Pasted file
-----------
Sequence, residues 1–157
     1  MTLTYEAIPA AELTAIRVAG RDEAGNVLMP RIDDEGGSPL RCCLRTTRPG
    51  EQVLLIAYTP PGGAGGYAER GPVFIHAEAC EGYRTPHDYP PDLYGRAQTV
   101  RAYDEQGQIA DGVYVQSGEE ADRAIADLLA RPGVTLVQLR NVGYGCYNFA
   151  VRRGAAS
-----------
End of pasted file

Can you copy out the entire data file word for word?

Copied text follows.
Sequence, residues 1–157
     1  MTLTYEAIPA AELTAIRVAG RDEAGNVLMP RIDDEGGSPL RCCLRTTRPG
    51  EQVLLIAYTP PGGAGGYAER GPVFIHAEAC EGYRTPHDYP PDLYGRAQTV
   101  RAYDEQGQIA DGVYVQSGEE ADRAIADLLA RPGVTLVQLR NVGYGCYNFA
   151  VRRGAAS